Microsoft explains what happens to non-genuine installs upgrading to Windows 10

Pirated versions of Windows won't actually be getting a free upgrade to Windows 10.

Windows 10

Microsoft explains in more details what’s going to happen when upgrading a non-genuine version of Windows to Windows 10. Previously, the company said that will be “upgrading all qualified PCs, genuine or non-genuine, to Windows 10”. Then after a lot of customers thought they would be getting a free copy of Windows 10, even though they didn’t have a valid product key, Microsoft noted that users will upgrade to Windows 10 for free, but the process will not make the operating system genuine. However, today, Microsoft’s Terry Myerson clarifies what actually is going to happen.

According to Myerson, if during the upgrade process Windows can’t be verified a watermark will appear in the bottom right corner of the screen notifying the user. In previous versions of Windows, the message said “This is not a genuine copy of Windows”, we still don’t know how the new watermark looks like, but Microsoft is likely to show a similar message. The company advice that if you buy a machine that displays the watermark message, you should return the product immediately and demand a genuine Windows device.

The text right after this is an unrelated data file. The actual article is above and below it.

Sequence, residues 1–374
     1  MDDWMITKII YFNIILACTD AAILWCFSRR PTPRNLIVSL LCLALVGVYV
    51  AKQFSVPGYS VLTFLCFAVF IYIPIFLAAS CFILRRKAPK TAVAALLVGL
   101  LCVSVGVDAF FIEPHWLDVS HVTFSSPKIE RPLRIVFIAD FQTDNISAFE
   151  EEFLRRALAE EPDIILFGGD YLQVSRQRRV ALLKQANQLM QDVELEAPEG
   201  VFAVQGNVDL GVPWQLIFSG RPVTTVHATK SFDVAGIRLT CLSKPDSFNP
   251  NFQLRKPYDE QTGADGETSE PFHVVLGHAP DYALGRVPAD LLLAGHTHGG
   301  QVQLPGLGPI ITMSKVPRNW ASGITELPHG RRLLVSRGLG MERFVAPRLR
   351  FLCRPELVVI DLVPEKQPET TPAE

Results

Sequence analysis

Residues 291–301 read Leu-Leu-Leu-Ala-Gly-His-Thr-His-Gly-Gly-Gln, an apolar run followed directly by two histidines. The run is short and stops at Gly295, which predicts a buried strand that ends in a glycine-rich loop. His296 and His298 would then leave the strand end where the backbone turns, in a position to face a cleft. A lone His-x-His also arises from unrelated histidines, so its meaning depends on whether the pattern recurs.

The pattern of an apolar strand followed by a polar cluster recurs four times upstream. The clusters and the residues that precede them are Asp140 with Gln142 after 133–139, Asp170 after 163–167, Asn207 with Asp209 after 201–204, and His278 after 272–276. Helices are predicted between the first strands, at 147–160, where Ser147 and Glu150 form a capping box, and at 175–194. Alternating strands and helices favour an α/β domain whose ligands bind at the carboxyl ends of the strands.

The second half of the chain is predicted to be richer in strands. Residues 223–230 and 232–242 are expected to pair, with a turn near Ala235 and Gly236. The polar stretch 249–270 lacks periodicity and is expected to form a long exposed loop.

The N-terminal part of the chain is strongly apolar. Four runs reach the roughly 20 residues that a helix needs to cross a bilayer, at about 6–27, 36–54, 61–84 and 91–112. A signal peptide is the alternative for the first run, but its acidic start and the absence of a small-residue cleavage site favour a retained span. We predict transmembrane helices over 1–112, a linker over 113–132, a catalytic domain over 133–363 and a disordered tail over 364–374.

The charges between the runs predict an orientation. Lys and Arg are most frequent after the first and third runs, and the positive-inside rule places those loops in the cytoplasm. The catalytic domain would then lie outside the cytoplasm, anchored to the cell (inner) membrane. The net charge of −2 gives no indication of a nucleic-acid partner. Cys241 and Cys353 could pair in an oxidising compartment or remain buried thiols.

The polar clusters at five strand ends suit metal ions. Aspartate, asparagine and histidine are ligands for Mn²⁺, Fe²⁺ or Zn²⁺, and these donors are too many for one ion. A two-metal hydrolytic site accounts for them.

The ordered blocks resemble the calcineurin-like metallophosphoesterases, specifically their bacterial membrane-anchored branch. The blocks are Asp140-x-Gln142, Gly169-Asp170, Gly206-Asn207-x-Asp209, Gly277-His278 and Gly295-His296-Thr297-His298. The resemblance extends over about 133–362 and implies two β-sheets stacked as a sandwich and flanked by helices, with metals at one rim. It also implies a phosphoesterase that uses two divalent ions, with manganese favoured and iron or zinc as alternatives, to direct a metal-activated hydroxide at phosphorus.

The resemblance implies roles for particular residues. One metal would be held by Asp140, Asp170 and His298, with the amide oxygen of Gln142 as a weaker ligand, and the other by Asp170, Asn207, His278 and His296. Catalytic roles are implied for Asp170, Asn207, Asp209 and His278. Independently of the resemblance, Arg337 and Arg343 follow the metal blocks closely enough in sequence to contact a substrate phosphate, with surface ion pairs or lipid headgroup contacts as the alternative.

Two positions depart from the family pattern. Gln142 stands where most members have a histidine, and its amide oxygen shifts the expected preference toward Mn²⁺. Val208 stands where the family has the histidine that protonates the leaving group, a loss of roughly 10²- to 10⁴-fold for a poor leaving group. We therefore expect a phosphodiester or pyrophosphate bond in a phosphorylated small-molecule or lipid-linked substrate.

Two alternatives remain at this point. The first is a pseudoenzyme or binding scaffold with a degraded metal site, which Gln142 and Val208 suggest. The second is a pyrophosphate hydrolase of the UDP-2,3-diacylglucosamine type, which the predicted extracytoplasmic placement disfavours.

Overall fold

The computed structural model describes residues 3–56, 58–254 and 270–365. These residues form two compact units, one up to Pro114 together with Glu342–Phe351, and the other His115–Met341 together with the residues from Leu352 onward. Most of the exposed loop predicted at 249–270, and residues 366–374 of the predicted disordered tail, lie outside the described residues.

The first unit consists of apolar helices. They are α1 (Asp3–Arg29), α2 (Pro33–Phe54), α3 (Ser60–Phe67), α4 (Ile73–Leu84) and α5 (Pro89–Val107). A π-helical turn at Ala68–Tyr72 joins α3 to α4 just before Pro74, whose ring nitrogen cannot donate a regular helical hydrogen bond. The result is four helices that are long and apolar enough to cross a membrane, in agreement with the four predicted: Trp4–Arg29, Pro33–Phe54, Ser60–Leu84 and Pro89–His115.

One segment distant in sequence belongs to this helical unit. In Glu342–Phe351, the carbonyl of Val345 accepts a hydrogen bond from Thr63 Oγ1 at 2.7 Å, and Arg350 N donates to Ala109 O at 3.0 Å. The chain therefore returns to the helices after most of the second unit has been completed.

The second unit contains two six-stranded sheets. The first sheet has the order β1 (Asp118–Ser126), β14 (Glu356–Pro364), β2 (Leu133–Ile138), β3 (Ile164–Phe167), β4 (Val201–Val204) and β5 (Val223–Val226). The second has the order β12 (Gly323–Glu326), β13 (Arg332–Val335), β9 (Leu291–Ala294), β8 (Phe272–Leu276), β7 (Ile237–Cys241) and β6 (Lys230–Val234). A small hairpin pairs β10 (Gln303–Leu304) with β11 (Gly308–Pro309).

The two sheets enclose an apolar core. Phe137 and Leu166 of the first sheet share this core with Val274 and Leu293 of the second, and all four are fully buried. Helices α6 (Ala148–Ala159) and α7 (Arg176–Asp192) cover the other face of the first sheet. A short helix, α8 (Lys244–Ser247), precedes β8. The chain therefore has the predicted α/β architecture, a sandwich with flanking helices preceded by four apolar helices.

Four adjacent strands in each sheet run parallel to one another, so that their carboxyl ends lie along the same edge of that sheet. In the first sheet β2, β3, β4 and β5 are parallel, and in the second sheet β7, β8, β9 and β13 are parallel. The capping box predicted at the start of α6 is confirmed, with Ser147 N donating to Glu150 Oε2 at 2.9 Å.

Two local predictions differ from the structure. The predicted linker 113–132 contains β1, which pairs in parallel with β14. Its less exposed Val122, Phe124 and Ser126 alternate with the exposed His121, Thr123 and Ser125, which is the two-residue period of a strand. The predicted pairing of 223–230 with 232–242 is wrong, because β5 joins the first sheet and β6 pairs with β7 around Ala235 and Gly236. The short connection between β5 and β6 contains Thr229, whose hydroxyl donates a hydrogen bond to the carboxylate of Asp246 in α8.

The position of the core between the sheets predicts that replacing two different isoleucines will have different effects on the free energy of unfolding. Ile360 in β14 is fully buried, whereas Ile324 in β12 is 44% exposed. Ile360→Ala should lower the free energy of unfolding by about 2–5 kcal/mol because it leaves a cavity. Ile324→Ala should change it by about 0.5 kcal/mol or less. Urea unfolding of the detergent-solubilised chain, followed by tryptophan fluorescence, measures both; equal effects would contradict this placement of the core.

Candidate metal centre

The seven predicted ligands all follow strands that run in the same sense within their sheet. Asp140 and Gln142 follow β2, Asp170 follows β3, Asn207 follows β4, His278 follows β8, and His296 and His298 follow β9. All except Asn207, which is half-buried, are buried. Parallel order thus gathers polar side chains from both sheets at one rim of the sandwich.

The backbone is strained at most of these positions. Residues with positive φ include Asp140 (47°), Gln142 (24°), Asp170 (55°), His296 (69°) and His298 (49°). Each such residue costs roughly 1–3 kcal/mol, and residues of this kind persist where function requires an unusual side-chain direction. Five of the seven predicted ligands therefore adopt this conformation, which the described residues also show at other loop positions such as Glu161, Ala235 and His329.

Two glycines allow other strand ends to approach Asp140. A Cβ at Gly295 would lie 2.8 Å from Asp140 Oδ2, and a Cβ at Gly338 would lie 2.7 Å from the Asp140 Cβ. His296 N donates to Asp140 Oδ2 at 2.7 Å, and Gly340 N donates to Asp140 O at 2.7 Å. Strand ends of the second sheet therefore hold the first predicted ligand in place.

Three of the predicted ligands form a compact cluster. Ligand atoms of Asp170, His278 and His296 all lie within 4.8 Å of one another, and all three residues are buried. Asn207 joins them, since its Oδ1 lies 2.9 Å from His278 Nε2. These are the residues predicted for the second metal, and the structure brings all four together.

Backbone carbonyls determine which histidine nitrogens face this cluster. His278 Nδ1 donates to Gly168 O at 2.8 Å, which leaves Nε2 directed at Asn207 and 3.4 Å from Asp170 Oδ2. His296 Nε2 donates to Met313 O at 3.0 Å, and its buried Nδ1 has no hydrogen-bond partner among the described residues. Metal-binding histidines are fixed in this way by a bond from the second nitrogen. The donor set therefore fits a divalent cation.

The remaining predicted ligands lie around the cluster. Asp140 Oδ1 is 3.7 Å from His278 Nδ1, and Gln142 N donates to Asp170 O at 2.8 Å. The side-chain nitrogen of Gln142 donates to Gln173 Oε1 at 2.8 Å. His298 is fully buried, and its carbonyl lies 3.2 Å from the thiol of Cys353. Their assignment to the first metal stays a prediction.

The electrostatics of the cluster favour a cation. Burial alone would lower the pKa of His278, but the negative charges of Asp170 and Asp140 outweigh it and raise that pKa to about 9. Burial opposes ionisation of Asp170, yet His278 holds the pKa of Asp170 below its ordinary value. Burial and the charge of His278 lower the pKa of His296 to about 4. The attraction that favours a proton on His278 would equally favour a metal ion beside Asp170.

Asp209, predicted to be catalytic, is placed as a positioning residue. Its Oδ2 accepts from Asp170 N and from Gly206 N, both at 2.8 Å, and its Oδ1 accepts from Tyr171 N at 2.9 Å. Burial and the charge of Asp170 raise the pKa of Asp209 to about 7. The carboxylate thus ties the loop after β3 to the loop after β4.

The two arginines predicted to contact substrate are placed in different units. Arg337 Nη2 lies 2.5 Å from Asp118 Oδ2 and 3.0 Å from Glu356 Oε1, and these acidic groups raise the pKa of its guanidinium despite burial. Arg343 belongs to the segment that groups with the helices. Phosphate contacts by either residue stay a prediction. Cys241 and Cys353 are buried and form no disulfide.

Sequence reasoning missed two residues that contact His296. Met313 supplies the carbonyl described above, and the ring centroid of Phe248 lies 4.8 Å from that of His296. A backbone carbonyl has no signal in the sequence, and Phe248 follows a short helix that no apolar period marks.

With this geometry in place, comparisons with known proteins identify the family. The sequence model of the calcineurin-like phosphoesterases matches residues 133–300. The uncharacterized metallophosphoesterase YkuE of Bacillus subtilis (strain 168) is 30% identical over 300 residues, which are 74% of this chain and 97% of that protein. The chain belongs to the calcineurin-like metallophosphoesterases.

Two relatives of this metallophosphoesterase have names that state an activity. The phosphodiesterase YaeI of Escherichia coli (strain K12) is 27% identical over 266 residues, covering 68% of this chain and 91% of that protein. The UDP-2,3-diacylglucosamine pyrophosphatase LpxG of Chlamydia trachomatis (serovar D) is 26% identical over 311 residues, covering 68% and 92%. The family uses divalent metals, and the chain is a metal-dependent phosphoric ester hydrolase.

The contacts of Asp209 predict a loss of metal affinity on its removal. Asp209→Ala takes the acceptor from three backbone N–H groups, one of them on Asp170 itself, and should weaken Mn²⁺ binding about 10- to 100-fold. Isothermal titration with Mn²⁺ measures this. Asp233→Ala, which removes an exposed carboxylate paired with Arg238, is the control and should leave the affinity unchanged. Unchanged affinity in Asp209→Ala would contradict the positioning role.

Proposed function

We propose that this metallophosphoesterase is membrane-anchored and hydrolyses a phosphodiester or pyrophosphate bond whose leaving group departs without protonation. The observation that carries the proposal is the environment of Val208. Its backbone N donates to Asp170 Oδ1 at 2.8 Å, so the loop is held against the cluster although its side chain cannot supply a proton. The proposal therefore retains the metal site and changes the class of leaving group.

In addition, the software maker says that non-genuine versions of Windows won’t be left in the cold and the company will soon announce a campaign with partners to offer a “very attractive” deal to upgrade to Windows 10.

While the company is finally being more clear on what’s going to happen when users try to upgrade to Windows 10 from a pirated version of the operating system, there is still a few questions yet to be answered. For example, once the watermark appears will users have a limited number of days to obtain a valid product key? Will Windows 10 start rebooting after a certain number of days? And will the operating system continue to receive updates?

Also, it’s unclear how Microsoft’s offer will work, because if it’s a very good offer, how this will stop customers from installing a pirated version of Windows to then upgrade to Windows 10 for less money?

Source Microsoft

About the author

Mauro Huculak is a Windows expert and the Editor-in-Chief who started Pureinfotech in 2010 as an independent online publication. He is also been a Windows Central contributor for nearly a decade. Mauro has over 12 years of experience writing comprehensive guides and creating professional videos about Windows, software, and related technologies, including Android and Linux. Before becoming a technology writer, he was an IT administrator for seven years. In total, Mauro has over 20 years of combined experience in technology. Throughout his career, he achieved different professional certifications from Microsoft (MSCA), Cisco (CCNP), VMware (VCP), and CompTIA (A+ and Network+), and he has been recognized as a Microsoft MVP for many years. You can follow him on X (Twitter), YouTube, LinkedIn and About.me.